Every morning, we compile the links of the day and dump them here… highlighting the big storyline. Because there’s nothing quite as satisfying as a good morning dump.
Doc Rivers and his staff have three problems with the controversial jump ball call on Paul Pierce Friday night with nine seconds left in regulation, and the Celtics leading by two points in what evolved as an overtime loss to Chicago.
In asking the league to review the play, the team is claiming: A) Pierce was fouled; B) Rajon Rondo could be seen directly in front of referee Marc Davis calling for a timeout before referee Sean Corbin signalled for a jump ball; and C) A much-smaller Jimmy Butler was the player who actually tied up Pierce, and not Joakim Noah, who eventually won the tap against Pierce.
Not that there will be any rewards, beyond giving the league a heads up.
“It’s to make me feel better,” said Rivers.
Lest anyone forget, it was Rondo’s bump of Davis in Game 1 of last year’s first round in Atlanta that earned the Celtics point guard a one-game suspension.
Asked if Rondo’s history with officials is hurting him, Rivers said, “I don’t know. That’s your call. Rondo played pretty well last night, so I don’t think he was affected.”
Rivers said he would never think of asking to have an official banned from calling Celtics games, simply because the wrong result would probably come out of it.
“You can request, but that ain’t ever gonna happen. Knowing commissioner (David) Stern, that means you’ll get (the targeted official) the next game,” said Rivers. “But I think (the officials) you’re talking about have run-ins with other guys, too. I can tell you the Chicago people probably felt the same way going into this game. I hope there’s never any grudges, but it is a human game. I just think our league is better than that.”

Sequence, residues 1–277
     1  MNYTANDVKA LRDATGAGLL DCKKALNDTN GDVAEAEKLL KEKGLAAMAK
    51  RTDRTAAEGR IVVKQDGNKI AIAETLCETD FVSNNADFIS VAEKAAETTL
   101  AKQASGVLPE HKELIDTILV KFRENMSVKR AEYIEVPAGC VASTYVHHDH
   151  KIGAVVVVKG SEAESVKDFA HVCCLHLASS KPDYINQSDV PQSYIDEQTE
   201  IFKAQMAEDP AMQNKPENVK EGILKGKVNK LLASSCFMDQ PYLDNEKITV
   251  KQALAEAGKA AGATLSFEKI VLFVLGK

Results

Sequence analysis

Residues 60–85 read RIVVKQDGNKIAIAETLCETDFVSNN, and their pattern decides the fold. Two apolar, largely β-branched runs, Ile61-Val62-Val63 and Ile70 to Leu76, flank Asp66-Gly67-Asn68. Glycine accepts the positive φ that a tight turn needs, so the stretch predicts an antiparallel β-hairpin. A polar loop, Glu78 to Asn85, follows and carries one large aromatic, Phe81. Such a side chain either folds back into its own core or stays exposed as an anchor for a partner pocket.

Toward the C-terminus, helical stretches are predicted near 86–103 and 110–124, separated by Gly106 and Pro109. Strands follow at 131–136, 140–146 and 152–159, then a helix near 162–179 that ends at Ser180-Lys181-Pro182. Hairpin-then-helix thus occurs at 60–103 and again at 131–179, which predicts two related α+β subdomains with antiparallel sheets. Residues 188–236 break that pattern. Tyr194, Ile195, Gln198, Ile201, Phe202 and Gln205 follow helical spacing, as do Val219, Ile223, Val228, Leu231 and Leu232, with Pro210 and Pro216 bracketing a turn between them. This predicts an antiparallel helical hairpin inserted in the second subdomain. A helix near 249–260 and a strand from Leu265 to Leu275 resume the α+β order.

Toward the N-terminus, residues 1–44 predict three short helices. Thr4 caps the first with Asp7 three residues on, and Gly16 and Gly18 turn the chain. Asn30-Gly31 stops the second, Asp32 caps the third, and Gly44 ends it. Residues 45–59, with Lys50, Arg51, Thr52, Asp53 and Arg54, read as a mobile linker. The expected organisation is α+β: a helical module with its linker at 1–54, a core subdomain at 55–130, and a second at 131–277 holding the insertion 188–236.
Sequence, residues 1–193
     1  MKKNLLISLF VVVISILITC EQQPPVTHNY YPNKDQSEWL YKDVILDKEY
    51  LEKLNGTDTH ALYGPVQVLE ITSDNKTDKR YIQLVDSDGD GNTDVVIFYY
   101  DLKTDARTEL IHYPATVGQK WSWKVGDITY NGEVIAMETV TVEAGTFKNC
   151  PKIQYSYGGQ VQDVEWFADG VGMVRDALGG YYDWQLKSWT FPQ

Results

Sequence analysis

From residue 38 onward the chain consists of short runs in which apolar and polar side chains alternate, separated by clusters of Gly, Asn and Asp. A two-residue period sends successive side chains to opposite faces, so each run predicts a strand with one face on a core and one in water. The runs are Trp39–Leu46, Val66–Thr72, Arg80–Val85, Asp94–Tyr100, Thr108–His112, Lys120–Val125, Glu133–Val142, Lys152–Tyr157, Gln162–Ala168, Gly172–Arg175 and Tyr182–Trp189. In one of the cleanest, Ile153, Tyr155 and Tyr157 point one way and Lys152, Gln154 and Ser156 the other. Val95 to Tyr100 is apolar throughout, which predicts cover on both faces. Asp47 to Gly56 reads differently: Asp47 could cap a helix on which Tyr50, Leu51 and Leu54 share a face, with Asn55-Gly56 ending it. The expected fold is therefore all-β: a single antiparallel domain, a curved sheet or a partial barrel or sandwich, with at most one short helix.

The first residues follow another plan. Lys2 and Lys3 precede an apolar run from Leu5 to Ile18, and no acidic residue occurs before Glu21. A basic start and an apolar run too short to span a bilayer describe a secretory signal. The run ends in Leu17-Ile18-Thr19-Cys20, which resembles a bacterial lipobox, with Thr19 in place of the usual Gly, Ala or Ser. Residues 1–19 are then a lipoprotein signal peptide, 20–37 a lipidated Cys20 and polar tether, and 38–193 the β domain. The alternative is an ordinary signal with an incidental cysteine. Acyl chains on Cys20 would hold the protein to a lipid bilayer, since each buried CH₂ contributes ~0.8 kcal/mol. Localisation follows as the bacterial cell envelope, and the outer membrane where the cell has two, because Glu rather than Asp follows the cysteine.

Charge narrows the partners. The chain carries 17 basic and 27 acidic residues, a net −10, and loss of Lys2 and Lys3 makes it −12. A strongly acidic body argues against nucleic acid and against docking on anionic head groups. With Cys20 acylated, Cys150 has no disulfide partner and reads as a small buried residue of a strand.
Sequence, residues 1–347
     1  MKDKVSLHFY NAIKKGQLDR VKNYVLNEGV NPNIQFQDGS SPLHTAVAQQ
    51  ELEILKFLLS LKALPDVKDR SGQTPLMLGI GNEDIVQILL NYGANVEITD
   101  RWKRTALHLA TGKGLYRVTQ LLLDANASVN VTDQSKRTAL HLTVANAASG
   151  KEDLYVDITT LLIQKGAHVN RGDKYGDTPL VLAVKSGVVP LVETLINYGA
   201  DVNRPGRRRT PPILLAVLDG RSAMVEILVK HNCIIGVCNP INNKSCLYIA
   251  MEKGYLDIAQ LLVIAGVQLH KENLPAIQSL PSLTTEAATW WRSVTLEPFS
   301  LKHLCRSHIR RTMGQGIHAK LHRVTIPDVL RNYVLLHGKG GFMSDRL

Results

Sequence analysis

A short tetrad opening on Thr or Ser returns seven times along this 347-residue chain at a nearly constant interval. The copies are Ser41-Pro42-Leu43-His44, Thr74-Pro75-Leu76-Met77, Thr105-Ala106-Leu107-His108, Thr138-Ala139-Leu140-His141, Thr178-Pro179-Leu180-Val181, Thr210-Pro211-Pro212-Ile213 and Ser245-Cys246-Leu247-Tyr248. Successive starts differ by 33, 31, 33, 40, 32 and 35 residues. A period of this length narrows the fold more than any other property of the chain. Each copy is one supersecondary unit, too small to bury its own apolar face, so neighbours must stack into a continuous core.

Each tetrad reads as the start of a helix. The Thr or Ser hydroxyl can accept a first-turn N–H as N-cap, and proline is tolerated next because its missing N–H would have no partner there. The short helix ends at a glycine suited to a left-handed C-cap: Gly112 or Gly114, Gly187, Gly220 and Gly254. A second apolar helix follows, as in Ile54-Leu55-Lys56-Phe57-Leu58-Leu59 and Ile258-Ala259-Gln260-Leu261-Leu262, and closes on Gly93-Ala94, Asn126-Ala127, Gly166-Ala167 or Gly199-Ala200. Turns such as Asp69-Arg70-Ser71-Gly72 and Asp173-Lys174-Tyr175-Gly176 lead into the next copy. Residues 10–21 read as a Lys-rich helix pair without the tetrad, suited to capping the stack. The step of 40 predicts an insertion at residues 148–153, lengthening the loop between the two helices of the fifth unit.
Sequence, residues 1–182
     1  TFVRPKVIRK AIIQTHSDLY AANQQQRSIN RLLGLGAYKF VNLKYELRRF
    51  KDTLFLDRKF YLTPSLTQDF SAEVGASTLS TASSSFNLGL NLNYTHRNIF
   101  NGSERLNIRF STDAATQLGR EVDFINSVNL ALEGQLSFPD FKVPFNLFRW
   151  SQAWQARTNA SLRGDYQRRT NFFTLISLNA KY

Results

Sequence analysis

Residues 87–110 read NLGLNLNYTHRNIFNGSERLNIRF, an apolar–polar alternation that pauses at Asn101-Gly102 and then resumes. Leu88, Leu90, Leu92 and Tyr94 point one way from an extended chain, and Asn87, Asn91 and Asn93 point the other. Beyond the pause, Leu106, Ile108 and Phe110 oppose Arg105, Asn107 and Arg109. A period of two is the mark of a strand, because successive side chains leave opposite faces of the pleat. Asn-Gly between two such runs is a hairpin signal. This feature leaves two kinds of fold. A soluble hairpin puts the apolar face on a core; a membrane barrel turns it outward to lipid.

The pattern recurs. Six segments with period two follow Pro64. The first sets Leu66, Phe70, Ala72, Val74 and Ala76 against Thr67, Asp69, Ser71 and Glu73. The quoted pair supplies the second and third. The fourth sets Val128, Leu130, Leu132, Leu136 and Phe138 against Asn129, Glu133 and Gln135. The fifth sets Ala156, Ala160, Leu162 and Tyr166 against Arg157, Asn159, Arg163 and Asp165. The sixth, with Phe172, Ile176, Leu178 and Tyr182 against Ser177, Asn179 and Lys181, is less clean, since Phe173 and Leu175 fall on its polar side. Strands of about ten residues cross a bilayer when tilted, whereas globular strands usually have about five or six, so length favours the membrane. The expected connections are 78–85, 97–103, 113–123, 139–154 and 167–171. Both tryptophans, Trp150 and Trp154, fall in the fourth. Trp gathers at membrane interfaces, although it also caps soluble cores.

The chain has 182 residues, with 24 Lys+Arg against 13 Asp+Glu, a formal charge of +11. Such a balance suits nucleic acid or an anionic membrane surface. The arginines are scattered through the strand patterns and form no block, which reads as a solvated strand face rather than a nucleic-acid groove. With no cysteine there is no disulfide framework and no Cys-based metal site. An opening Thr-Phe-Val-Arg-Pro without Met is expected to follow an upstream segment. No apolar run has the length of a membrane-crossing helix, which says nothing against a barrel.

The officiating crew’s overall handling of the jump-ball call, though, has drawn serious questions from Rivers and his staff, starting with the belief Pierce was fouled by Butler.
“He was fouled, no doubt about that,” said Rivers. “But if you watch it, Rondo absolutely called a timeout, and he was an inch away from Marc Davis’ face and did it twice, and then you can see Sean Corbin’s hand go up for a jump ball, so it was clear that, in my opinion he was fouled, No. 1, and No. 2 we got the timeout and it wasn’t called.”
What’s that old saying by former Detroit Pistons coach Chuck Daly that Doc Rivers likes to use with his own team? “Get past mad.” Clearly, Doc and his team are still rightfully angry at the end of regulation from Friday night’s game, also known as “Jump Ball Gate.” No doubt it was a rough call in which ultimately contributed to a brutal loss. As fans, we all were (and probably still are) fuming and upset from that loss. But in a 1-point loss, it’s difficult to pin it on a single call, no matter how bad it is. Just like last year during Game 2′s kick-to-the-balls loss at Miami in the Eastern Conference Finals, the loss can’t simply be attributed to that lone call that was missed when Wade whacked Rondo across the face on a lay-up. However, in Mark Murphy’s piece, he does raise a more concerning point.
Rondo’s incident with official Marc Davis during Game 1 against the Atlanta Hawks last year is well known. As is the shady officiating Davis did during a Celtics-Hawks game just a few weeks earlier last season. Referees are human and they could hold a grudge against a player and/or team. Like Doc, I’d like to believe officials are better than that but they are human.
Look, Marc Davis and any other official can clearly blow a call here and there. Just as the Celtics can clearly fail to box out Carlos Boozer and Joakim Noah in the first half, allowing them to easily grab an offensive rebound for easy put-backs. Just as Paul Pierce and Kevin Garnett can easily miss on several of shots they usually make, including sub-par free throw shooting. I know it’s not as fun to blame losses on things like that and it’s easy to look at Marc Davis (or any ref) like they’re the biggest reason. The point is you can go back at so many plays throughout a 1-point loss and say “if only this happened instead.”
As far as Rondo’s reputation hurting him, sure there could be something to that as well, and Doc has said that he has a long time to improve that. He also did get nine free throw attempts on Friday night, more than his last seven games combined. In fact, he got a call his way when he drove to the basket against Nate Robinson, lunged into Nate and drew the foul. If you recall, this is the same play he tried on Josh Smith but instead got whistled for the offensive foul, then “bumped” Rodney Mott. It’s frustrating to see such a tight game have a controversial call at the end but it’s not exactly the sole reason what decides the win/loss. But it’s usually what always sticks out the most.
The rest of the links:
Boston Herald - Ex-Celtic is still Green (Sunday Notes)